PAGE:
Perhaps the most troubling implication of all, however, is the potential for conflict. While it is risky to attribute direct causation between natural resource inequity and conflict, there are clear links between resource security and national security. The case of India is illustrative, because, as I have written previously, many of its national security concerns are tied to natural resource issues. The nation’s Maoist insurgency—which Delhi often refers to as its “gravest internal security threat”—is based in Indian coal country, and is fueled in great part by the belief that Indian firms and the government exploit coal resources with little regard for the needs of locals. Tensions with Pakistan are tied to water, thanks to long-standing disagreements over riverwater allocations in Kashmir. And Delhi’s concerns about China’s activities in the Indian Ocean Region (IOR) are linked to energy, because China, like India, is scouring the IOR for the resource. Furthermore, India-China border tensions occur over the Himalayan Indian state of Arunachal Pradesh, an unusually water-rich area and hence strategic territory for both water-starved nations.
So far, the only example of large-scale land acquisitions contributing to widespread instability is Madagascar, where the aforementioned 2009 Daewoo bid caused a local outcry, helping spark public protests that ultimately brought down the government that had agreed to the deal (the new government immediately annulled it). Still, several land accords have sparked localized conflict. Last year, a Ugandan mob, furious about an Indian firm’s decision to clear space in a rainforest for sugarcane production, killed an Indian man. The threat of future land-induced conflict is very real. Last year Kenyans told of being forcibly evicted from Tana Delta to allow investors to build a sugar plantation, and promised to fight back “with guns and sticks….It will be war.”
Ominously, these land acquisitions often occur in nations already riven by conflict, and so the volatile mix of factors at play—land, food insecurity, and poverty—could well trigger more strife. Take Pakistan, for example, where the ability of the Taliban to take control of the Swat region several years ago was facilitated by its exploitation of land-based class divisions. With Islamabad having offered a 100,000-person-strong private security force to protect foreign land investor holdings, the possibility of violent land-based conflict in the deeply food-insecure nation is particularly acute (however, there is no evidence as of yet of major foreign land acquisitions in Pakistan). Consider Indonesia as well. Here, a Saudi firm has acquired more than a million hectares of land for food production on a Jakarta-controlled estate in Papua, a province embroiled in separatist insurgency. With non-Papuans expected to be imported in to provide labor for this project, the chance of ethnic-driven unrest is high.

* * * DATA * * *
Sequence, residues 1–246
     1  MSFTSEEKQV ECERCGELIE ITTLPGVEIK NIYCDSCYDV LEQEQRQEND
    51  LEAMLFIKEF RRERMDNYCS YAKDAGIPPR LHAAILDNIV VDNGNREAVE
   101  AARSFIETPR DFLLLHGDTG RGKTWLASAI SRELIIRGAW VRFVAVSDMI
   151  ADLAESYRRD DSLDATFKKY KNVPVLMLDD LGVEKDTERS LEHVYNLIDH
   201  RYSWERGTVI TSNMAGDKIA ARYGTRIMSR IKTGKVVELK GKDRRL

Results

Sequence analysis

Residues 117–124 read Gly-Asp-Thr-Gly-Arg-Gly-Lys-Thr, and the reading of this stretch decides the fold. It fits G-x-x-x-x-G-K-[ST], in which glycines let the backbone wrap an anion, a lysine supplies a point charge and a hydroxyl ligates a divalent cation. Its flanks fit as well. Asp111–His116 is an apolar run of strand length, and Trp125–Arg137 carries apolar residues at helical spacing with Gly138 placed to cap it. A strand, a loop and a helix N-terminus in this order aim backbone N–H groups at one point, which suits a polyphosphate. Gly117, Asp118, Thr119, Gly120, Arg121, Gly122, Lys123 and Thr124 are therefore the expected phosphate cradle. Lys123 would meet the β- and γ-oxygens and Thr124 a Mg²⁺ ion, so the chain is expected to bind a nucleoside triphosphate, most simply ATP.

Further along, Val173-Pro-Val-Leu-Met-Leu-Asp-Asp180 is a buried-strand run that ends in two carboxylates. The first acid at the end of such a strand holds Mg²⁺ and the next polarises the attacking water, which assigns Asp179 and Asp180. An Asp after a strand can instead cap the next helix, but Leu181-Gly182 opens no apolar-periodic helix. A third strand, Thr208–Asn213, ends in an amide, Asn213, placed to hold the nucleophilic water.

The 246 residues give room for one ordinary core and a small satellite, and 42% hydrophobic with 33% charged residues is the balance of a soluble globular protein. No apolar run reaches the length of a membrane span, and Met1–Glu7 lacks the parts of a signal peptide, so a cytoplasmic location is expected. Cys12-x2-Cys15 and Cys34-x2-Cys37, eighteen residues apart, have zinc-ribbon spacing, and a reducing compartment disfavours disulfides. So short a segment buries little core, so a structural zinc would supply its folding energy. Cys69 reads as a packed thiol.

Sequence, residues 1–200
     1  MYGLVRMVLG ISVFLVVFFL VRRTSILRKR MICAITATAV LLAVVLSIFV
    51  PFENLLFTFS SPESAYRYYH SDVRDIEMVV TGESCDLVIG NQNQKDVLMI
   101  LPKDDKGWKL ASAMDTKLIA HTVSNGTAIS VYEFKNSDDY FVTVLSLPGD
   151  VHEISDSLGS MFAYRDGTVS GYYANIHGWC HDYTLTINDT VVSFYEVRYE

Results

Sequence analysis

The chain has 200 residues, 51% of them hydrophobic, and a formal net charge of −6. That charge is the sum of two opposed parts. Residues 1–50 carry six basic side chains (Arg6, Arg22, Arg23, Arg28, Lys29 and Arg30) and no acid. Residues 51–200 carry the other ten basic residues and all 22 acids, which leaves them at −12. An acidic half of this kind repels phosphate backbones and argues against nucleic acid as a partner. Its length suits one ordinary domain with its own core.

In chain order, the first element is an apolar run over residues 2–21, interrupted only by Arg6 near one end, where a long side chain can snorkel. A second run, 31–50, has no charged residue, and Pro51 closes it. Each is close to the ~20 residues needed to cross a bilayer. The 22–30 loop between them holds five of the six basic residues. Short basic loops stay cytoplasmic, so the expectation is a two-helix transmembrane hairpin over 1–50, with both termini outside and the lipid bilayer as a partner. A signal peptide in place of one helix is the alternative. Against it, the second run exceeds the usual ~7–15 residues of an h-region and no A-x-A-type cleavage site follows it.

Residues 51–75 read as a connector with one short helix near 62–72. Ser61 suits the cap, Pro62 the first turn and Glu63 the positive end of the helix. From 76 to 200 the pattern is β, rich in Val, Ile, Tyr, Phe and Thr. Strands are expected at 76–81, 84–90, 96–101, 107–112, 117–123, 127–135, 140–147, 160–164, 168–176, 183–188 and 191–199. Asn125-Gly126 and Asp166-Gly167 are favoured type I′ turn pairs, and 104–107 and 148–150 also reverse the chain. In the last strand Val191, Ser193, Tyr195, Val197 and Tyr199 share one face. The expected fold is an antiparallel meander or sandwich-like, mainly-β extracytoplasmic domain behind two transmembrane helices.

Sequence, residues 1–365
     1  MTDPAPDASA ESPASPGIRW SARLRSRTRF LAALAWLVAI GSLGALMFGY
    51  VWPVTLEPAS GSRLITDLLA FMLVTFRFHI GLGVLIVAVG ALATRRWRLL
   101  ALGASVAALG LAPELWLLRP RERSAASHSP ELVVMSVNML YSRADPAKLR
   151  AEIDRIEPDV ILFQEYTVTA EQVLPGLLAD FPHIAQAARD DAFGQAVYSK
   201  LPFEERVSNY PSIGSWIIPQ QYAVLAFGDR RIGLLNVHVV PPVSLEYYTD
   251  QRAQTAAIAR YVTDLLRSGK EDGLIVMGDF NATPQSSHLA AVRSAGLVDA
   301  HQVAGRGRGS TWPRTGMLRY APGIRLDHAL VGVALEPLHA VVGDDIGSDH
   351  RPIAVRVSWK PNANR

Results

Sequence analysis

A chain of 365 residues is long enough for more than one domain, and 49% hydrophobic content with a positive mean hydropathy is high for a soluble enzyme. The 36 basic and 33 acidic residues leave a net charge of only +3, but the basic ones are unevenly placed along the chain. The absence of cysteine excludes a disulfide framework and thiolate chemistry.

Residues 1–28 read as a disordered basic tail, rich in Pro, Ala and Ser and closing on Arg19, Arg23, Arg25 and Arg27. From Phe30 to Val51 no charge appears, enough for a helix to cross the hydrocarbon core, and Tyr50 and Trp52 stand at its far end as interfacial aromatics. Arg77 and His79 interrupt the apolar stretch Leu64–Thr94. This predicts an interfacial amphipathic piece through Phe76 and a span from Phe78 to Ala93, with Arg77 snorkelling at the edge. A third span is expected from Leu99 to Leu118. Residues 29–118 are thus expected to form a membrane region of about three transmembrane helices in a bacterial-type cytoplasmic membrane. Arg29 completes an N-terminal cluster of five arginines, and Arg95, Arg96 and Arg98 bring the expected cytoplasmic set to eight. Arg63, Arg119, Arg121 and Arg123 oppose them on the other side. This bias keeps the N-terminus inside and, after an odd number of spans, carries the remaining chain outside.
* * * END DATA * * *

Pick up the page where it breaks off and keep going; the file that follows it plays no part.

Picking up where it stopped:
Don’t expect these risks and threats to disappear anytime soon, because there is little reason to expect the investments themselves to cease in the near-term. The factors that first sparked these land acquisitions during the global food crisis of 2007-08—population growth, high food prices, unpredictable commodities markets, water shortages, and above all a plummeting supply of arable land—remain firmly in place today.
Still, while the troubling outcomes of these deals cannot be wished away, their harmful effects can be blunted. And this can best be done not by announcing nice-sounding yet non-binding international guidelines, but rather by establishing firm and clear national laws and policies in the countries hosting investments. National governments should establish robust land-use regulations that emphasize food security and resource equity; offer legal assistance to local farmers to ensure that their rights are safeguarded in the contracts governing land deals; and strengthen land registries so that land is better protected from foreign exploitation.
Granted, given that many of the governments hosting these investments are not known for promoting the well-being of their masses, this all represents a tall order. Yet given the high stakes, it is also a necessary order. The world is already overburdened by food insecurity, unemployment, and conflict; let’s hope that appropriate measures are taken to ensure that large-scale land acquisitions don’t exacerbate these global scourges.
Michael Kugelman is the South and Southeast Asia associate at the Woodrow Wilson International Center for Scholars in Washington DC, and lead editor of The Global Farms Race: Land Grabs, Agricultural Investment, and the Scramble for Food Security, to be published by Island Press this coming fall. He can be contacted at firstname.lastname@example.org or on Twitter @michaelkugelman
Image source: Planète à vendre